While dynamic DNS is a wonderful tool for automation and orchestration, tools for easy cleaning up and logging changes are needed. This post describes a couple of scripts that may help.
A good thing: Dynamic DNS in automation
In a world of automation, dynamic DNS is a wonderful tool. It lets automatic provisioning and orchestration tools create, update, and delete DNS records all by itself. But from time to time, strange things happens. Scripts fail or get killed. Automatic systems may be used in ways nobody had thought of, or even, users do things they shouldn’t. So we might need tools to handle that. Here are two helper scripts that may help in taming Dynamic DNS. The scripts may be downloaded from github at https://github.com/ingvarha/dyndns_helper_scripts
Note that these scripts may be filled with errors, and do all kind of crazy stuff. Always test thoroughly before using anything in production environments. Please report any bugs or strange behaviour on the github page.
Remove lingering records
One of the most common problems with dynamic DNS in our environments is that old records are lingering. So the first script is a cleaning script:
Say, you just found an old record in DNS, for a name that is no longer in use. You would like to remove it, including any A, AAAA, and TXT records that might be added. And by the way, also remove matching PTR (reverse) records.
The script delete_host_from_dns does all this in one go. It even has an “oh sh*t function” that makes you reinsert the records in case you removed something that should have been left untouched.
The script uses nsupdate(1) from the bind-utils package to send updates to DNS. For auth, you also need a TSIG_authentication_key matching the zones you want to update. Read the nsupdate man page for details.
The usage of the script should be quite self-explatory
Usage: delete_host_from_dns [-k keyfile] [-d] [-nr] [-f] [--dry-run] name Removes A, AAAA, TXT, and optionally, PTR records for a name from (dynamic) DNS Options: -k --keyfile DNS keyfile, default is /home/myuser/.cert/Kmykey.key -nr --noreverse Do not remove PTR (reverse) records -nt --notxt Do not remove TXT records -f --force Force removal, no warnings, no dry-run --dry-run Just show me what will be done (default on)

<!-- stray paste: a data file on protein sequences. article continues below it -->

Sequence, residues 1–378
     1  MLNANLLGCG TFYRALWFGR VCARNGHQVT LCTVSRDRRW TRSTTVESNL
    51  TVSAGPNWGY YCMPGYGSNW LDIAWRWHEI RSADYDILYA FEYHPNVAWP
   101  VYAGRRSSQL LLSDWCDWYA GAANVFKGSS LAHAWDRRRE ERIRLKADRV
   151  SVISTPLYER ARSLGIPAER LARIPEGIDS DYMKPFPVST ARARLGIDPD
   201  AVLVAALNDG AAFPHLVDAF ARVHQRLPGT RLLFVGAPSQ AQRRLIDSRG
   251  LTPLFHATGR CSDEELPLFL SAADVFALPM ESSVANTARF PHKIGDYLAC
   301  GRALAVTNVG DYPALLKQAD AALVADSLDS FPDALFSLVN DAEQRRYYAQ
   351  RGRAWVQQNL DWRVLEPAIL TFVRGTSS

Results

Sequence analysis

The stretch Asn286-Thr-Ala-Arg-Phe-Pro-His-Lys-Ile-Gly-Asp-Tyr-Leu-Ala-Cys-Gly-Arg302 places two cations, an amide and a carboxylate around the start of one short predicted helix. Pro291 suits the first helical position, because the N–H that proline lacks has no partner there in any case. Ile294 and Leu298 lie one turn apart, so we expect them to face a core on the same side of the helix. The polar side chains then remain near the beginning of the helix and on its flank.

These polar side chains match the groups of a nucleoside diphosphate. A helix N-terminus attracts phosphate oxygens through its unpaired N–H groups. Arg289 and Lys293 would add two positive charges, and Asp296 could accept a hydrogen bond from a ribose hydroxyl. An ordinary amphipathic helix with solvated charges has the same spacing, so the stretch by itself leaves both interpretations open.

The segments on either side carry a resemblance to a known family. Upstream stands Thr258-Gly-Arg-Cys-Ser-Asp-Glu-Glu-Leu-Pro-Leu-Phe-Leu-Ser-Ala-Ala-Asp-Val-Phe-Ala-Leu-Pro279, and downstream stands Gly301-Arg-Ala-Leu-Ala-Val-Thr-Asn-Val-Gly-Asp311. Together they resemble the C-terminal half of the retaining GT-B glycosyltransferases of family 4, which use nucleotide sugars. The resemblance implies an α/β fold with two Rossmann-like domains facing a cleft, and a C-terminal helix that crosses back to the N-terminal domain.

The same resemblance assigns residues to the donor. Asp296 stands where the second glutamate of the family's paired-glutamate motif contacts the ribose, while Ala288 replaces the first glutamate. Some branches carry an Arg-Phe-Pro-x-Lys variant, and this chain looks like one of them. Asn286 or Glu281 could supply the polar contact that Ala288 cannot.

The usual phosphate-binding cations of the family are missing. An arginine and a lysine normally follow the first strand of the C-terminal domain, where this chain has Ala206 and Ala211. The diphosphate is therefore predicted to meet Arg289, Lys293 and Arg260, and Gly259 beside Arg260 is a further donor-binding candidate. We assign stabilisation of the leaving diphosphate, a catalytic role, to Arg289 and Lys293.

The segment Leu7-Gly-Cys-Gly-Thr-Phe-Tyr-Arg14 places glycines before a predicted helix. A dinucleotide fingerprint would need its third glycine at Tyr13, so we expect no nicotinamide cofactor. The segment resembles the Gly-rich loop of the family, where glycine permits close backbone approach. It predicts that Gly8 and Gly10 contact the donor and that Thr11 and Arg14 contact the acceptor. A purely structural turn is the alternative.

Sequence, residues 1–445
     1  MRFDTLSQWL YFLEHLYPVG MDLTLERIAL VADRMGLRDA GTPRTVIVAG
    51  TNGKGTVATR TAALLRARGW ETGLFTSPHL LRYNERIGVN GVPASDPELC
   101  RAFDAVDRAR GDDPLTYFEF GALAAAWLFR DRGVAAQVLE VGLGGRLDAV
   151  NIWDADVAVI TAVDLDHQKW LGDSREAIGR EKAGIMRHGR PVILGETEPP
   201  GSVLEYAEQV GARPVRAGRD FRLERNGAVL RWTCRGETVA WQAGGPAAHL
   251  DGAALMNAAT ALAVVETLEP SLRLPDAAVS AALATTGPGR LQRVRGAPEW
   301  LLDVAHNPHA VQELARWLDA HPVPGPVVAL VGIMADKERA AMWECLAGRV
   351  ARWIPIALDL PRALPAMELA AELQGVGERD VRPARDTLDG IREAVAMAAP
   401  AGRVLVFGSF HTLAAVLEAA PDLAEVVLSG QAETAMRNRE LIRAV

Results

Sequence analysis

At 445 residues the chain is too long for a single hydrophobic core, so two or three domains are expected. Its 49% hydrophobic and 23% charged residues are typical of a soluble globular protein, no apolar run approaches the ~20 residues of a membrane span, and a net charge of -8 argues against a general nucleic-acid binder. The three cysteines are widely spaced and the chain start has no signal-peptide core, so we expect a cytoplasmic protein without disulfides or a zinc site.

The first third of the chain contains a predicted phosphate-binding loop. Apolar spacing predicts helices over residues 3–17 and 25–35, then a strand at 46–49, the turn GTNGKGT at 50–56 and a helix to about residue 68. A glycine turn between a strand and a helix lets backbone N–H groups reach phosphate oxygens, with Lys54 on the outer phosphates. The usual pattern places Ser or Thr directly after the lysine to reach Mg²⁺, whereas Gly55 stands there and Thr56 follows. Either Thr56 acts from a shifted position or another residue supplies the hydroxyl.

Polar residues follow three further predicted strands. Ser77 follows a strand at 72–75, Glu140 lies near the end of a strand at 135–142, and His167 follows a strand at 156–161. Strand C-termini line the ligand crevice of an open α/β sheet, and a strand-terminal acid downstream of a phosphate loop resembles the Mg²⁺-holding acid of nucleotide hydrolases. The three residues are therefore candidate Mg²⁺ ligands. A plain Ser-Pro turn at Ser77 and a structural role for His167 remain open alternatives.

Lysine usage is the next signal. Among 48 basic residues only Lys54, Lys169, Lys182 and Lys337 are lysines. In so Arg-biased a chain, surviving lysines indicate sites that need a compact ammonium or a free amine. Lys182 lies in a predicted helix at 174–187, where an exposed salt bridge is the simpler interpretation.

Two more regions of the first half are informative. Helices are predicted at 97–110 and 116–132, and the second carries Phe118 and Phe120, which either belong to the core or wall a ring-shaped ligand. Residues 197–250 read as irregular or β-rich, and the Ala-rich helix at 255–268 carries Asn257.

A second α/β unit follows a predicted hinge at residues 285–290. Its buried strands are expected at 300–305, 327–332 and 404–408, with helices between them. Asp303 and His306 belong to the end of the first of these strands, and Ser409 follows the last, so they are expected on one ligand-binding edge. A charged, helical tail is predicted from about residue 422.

Note that the script defaults to dry-run mode, so that you may check what nsupdate commands that will be ran. To override dry-run mode, and execute immidiately, add the -f option.
If a PTR record is found that does not point back to the original name, dry-run mode is turned on anyhow.
Here is an example run.
delete_host_from_dns test45.example.com Looking for nsupdate ... /usr/bin/nsupdate Warning: No reverse lookup for fe80::7ae3:b5ff:fe9f:1337 DRY RUN MODE Will run these commands against DNS: update delete test45.example.com. 60 IN A 10.20.149.220 send answer update delete test45.example.com. 60 IN AAAA fe80::7ae3:b5ff:fe9f:1337 send answer update delete 184.108.40.206.in-addr.arpa. 60 IN PTR test45.example.com. send answer THIS IS DRY RUN MODE To apply these changes for real, do nsupdate -v -k /home/myuser/.cert/Kmykey.key < /tmp/tmp.uWf8jDhxia You may remove the tempfile or edit it and run the above command by hand Revert file is /tmp/tmp.W6j6RDgMPN To revert all changes, try nsupdate -v -k /home/myuser/.cert/Kmykey.key < /tmp/tmp.W6j6RDgMPN Note: tempfiles are left behind. Clean up after yourself. Your mother does not work here.
Who/When/What broke my zone?
The next problem is about state. Say something or somebody did a change. We do not know when the change happened, nor who did it, but it surely breaks stuff. It was not like this yesterday morning. So what did that DNS zone look like yesterday?
Or more precisely, who did the change, what was the change, and when was the change executed?
This second script followdns is a simple perl log tailer, pushing zone changes to a git repo. Installed on the DNS master server, it tails the server log and looks for updates. When an update is found, it downloads the new zone, and adds the change to a git repo, as well as the the ip address and the key used by the client changing the zone. The script has been tested against bind version 9.
While the script is quite rude, it works, at least as a proof of concept in our environment. You should probably try running it in a screen for a few days before putting it in full production.
The script needs access to do download (axfr) on any zone it monitors. It also requires a local checked-out git repo, with a remote master, and must be able to push changes using ssh. For git to pick up a non-standard ssh key, you may want to use the wrapper script ssh_wrap which points to the location of the key, and call the script like this:
export GIT_SSH=/path/to/ssh_wrap /path/to/named-log-parser.pl >> /var/log/named-log-parser.log
A crude sysv initrc script is tossed in for good measure.
All configurations are hard-coded in the scripts. Edit it at your leasure.
When all the parts are patched up and sewn together, you get a lovely git repo with all dynamic changes, and can watch your dynamic zones change using your favorite git visualization tool.
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